With time running out, NHL and union swap offers

Question of the Day

Should Congress make English the official language of the U.S.?

View results

NEW YORK (AP) - After a one-day return to the negotiating table, NHL players and owners hope meetings within their own ranks with two new proposals in hand will help provide a breakthrough ahead of the looming lockout.

The NHL Players’ Association delivered a new offer on Wednesday at the league’s office and then received a counterproposal from Commissioner Gary Bettman that was hastily drawn up when he wasn’t impressed with what he was given.

If the sides can’t reach a deal by Saturday night, when the current collective bargaining agreement expires, the owners’ latest offer will be pulled back, and Bettman will call for a second lockout in eight years. The last one wiped out the entire 2004-05 season.

“There’s no work that’s supposed to be performed on Sunday or Monday or Tuesday or Wednesday,” NHLPA executive director Donald Fehr said. “We treat the deadline as real. They’ve said it’s real, and I’m prepared to take Gary at his word about that. No reason not to.

“I would just remind everybody that a lockout is a choice. It doesn’t have to be made.”

About 275 NHL players descended on New York for a union meeting that began Wednesday night and was expected to finish on Thursday afternoon. The NHL Board of Governors also will meet in New York on Thursday, but Bettman said nothing dramatic is expected to take place.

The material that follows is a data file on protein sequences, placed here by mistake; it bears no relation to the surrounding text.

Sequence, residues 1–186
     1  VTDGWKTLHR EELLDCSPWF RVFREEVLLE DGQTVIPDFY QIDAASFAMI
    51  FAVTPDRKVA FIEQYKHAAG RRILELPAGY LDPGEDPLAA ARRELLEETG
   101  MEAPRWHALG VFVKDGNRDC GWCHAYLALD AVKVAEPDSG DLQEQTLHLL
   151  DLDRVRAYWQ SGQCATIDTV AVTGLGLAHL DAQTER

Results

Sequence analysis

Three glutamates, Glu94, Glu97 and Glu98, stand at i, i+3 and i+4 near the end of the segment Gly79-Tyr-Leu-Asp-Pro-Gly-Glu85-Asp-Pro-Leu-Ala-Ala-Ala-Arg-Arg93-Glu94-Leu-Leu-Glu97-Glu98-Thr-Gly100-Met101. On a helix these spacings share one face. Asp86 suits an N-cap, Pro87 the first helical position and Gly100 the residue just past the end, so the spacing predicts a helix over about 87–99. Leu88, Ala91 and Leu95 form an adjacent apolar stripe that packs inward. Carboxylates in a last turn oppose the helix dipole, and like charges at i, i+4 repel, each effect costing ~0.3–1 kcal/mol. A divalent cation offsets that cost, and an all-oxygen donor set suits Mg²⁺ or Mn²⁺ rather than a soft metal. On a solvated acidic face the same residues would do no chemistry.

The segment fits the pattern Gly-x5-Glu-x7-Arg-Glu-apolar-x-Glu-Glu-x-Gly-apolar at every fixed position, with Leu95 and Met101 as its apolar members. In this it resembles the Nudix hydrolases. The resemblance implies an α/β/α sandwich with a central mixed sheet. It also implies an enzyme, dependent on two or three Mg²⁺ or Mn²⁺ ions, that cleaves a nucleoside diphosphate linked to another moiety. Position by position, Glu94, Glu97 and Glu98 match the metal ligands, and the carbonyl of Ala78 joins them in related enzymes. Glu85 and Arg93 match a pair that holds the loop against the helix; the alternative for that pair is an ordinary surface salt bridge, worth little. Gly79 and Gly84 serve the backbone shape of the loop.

Bettman said he already has the authority to call for a lockout as soon as the current agreement expires at the end of Sept. 15.

Industry revenue has grown from $2.1 billion to $3.3 billion annually under the expiring deal. Owners asked players to cut their share of hockey related revenue during a six-year proposal. Players are concerned management hasn’t addressed the league’s problems by re-examining the teams’ revenue-sharing format.

Though the NHL and its players now agree on what qualifies as hockey-related revenue, they still haven’t figured out how to split the money the sport generates.

The owners’ streamlined counteroffer kept the same definition of what makes up hockey related revenue, and raised the percentage given to players from the previous proposal of 46 percent. Initially, the NHL sought to drop the number from the current 57 percent to 43 percent.

“That’s good,” Philadelphia Flyers forward Danny Briere said of the agreed-upon definition, “but let’s wait and see if there’s not other tricks hidden in there.”

After the players made their offer Wednesday, Bettman met with Boston Bruins owner Jeremy Jacobs, and Murray Edwards of the Calgary Flames to craft a new NHL offer that was handed back to the players’ association with a shelf life on it.

“What we tried to do was simplify the process,” Bettman said. “It was clear that we weren’t on the same page or talking the same language, so our proposal was an attempt to simplify what we were negotiating over and do it while making additional movement in the hopes that that could spur meaningful negotiations before the weekend.”

This was the first formal negotiating session since Aug. 31. No new meetings were immediately scheduled, but both sides expected to talk again no later than Thursday after their respective internal meetings.

Fehr said the union’s new proposal was “consistent” with the last one it submitted. The league responded with a counter, and Fehr, despite the developments, admitted he does not “know whether this will lead to anything.”

Story Continues →

View Entire Story

Copyright 2014 The Associated Press. All rights reserved. This material may not be published, broadcast, rewritten or redistributed.

Comments
blog comments powered by Disqus
Get Adobe Flash player